Last week, Ebrahim Raisi, a notorious human rights abuser, announced his candidacy for the upcoming sham Iranian presidential elections on May 19. Raisi was a member of “Death Commission,” as it is known among Iranian political prisoners. The commission oversaw the massacre of 30,000 political prisoners in the summer of 1988, mostly members and supporters of the opposition People’s Mojahedin Organization of Iran (PMOI or MEK).
Raisi was a low level cleric at the time and in return for his services was elevated in the rank and files of the mullahs’ hierarchy. Raisi is a close confidant of the Supreme Leader Ali Khamenei and has even been tipped as a possible successor to him. Currently Raisi is the custodian of Astan Quds Razavi, the wealthiest charity foundation in charge of Iran’s holiest shrine in Mashhad, northwestern Iran, with very close ties to Khamenei’s powerhouse.
Raisi and Mostafa Pour-Mohammadi — Iran’s Justice Minister in Hassan Rouhani’s cabinet — were two of the four members of the Death Commission who were tasked by then Supreme Leader Khomeini to summarily execute political prisoners. Khomeini hand wrote a fatwa, a religious decree, authorizing the Commission’s task. In the summer of 1988, the Commission handed down 30,000 death sentences. The kangaroo courts hardly lasted more than three minutes on average. Some of the political prisoners who miraculously survived the slaughter have written or spoken of their ordeals. A simple question was asked by the judges: Do you still believe in Mojahedin? And depending on the answer, one could end up before a hangman. The gruesome accounts of survivors, especially female prisoners, often leave the listeners in shock.
What first shined light on all of this was an audio tape that was leaked out by Ayatollah Hossein-Ali Montazeri’s son in August 2016. Montazeri, the handpicked successor of Khomeini, was sacked for his public objections to mass executions in 1988. He spent the rest of his life under house arrest and died in 2009.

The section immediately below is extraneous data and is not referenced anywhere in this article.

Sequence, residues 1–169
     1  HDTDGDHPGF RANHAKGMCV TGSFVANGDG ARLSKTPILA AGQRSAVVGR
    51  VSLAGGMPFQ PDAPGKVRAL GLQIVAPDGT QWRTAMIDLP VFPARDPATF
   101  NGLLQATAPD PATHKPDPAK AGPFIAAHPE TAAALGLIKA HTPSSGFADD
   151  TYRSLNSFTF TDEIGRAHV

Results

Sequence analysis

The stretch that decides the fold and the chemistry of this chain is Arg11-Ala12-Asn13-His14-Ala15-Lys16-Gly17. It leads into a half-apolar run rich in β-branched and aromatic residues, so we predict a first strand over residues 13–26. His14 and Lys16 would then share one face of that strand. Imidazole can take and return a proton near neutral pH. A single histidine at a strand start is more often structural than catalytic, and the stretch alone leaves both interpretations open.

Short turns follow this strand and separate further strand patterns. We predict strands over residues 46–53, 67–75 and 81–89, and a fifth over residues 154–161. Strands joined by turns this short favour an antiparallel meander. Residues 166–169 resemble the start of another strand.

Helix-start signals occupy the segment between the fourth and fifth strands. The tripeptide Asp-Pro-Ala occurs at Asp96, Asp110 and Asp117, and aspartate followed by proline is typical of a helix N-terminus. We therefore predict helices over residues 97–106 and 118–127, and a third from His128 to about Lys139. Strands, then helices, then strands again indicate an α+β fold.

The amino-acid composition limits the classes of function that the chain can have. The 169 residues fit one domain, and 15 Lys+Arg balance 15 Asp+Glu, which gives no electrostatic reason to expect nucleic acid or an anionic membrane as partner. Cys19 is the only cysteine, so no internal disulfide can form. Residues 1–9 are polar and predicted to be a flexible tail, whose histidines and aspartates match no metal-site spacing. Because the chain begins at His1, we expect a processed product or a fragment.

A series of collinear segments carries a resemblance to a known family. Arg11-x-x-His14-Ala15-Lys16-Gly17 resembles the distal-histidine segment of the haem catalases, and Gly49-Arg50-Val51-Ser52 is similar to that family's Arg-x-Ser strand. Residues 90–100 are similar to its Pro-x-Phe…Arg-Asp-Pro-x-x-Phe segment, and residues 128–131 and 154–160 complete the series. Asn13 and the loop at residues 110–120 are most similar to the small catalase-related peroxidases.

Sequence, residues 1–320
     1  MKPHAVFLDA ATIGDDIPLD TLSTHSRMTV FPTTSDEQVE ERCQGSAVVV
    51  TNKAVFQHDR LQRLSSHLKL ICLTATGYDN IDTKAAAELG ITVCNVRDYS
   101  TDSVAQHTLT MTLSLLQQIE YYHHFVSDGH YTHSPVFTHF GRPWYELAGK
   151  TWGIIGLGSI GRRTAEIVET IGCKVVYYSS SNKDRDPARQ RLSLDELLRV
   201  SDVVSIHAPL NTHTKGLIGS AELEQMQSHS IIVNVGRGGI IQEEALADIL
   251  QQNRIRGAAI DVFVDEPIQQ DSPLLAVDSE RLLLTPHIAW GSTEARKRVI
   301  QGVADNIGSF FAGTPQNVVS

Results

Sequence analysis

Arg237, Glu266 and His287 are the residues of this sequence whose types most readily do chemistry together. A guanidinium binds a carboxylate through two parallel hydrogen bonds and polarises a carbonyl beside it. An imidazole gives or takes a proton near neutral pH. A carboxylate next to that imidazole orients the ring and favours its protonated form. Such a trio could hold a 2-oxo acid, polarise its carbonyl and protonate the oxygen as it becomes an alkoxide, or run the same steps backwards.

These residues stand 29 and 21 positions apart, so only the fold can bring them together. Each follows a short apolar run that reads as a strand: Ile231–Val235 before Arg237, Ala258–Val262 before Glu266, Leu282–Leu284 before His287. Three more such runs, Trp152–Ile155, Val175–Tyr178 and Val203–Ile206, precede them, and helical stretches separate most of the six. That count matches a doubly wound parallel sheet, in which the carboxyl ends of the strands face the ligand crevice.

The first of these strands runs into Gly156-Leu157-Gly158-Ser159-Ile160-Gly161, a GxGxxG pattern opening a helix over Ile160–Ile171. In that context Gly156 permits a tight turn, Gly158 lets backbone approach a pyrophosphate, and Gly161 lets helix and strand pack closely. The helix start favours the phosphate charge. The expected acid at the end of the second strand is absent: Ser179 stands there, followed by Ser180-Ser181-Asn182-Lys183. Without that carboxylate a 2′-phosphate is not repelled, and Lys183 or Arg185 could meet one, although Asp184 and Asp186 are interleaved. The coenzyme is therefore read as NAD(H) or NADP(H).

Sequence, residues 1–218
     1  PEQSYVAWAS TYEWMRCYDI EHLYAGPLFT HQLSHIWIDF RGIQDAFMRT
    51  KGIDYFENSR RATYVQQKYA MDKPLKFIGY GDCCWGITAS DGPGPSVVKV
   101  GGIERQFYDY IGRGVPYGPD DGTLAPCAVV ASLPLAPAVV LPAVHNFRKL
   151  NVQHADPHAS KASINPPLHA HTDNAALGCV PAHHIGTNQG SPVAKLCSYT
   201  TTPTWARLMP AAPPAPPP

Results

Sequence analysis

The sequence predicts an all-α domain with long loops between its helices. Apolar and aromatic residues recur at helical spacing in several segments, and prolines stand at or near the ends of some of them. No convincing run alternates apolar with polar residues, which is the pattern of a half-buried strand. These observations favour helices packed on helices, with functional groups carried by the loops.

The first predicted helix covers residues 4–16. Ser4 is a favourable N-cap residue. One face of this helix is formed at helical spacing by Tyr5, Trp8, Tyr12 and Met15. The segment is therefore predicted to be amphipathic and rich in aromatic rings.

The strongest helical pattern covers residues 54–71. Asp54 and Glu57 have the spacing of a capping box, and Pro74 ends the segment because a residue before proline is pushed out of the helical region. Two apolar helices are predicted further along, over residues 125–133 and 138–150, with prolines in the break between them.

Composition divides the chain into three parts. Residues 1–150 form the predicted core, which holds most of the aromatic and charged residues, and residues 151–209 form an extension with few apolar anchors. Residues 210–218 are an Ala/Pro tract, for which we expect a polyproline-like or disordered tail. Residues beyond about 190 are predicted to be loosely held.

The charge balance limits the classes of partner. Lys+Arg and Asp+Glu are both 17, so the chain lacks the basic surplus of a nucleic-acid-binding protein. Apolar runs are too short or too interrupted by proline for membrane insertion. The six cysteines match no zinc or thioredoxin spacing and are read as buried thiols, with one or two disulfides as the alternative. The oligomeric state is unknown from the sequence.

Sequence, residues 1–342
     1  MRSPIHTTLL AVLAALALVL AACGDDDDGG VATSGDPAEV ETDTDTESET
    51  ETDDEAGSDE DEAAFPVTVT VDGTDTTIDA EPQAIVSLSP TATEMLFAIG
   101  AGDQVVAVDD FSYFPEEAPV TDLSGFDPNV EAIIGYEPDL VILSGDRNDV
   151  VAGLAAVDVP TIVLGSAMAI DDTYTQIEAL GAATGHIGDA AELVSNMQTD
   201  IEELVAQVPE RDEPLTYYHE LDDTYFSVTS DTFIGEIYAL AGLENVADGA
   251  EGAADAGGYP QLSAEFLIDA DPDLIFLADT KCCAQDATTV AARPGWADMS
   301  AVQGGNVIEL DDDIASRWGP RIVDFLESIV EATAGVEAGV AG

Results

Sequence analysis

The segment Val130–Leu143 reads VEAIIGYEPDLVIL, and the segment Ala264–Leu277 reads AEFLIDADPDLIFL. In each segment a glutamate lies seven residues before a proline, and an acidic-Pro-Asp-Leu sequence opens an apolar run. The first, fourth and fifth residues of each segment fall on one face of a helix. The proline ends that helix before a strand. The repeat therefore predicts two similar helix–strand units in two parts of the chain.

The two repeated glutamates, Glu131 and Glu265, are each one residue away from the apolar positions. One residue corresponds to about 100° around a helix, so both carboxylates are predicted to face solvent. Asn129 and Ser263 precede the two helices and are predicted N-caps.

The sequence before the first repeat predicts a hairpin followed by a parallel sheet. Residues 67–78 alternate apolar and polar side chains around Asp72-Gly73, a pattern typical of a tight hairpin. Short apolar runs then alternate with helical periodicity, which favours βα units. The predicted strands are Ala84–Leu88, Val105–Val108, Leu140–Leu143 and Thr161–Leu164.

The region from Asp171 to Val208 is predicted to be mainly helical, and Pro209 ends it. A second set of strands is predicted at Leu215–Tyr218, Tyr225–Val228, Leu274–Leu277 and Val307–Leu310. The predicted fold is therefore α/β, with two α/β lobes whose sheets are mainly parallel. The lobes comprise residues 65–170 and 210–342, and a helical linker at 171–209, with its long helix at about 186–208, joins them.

In the moving tape, Montazeri can be heard telling a meeting of the “Death Commission” in 1988 that they are responsible for a crime against humanity. He said: “The greatest crime committed during the reign of the Islamic Republic, for which history will condemn us, has been committed by you. Your names will in the future be etched in the annals of history as criminals.” Pour-Mohammadi has since admitted his role in the “Death Commission” and boasted that he was proud to “carry out God’s will and he has not lost sleep over what he did.”
Canada’s Parliament adopted the following motion on June 5, 2013: “That the House condemn the mass murder of political prisoners in Iran in the summer of 1988 as a crime against humanity, honor the memory of the victims buried in mass graves at Khavaran cemetery and other locations in Iran, and establish September 1 as a day of solidarity with political prisoners in Iran.”
The elections in Iran – for parliament or president — have been designed or “engineered,” as the word has been widely used by the regime’s inner circles for both internal and external consumption. However, after the nuclear deal with the West it has become much more significant for the regime since it wants to display a popularity show at home and sell it to rest of the world. It is no secret that the regime has no popular support in Iran.
The mullahs’ regime is surrounded by social and economic problems at home, such as 11 million unemployed. Tehran’s mayor said on April 3 that 10 million Iranians live under absolute poverty line. The IRGC is involved in three active wars in the region — Iraq, Syria and Yemen — not to mention financing and training other militia groups elsewhere in the world as far from Iran as South America. In the case of the Syrian war alone, the regime has spent over $100 billion. Bringing a fresh player to the so-called elections is more out of desperation than a show of control.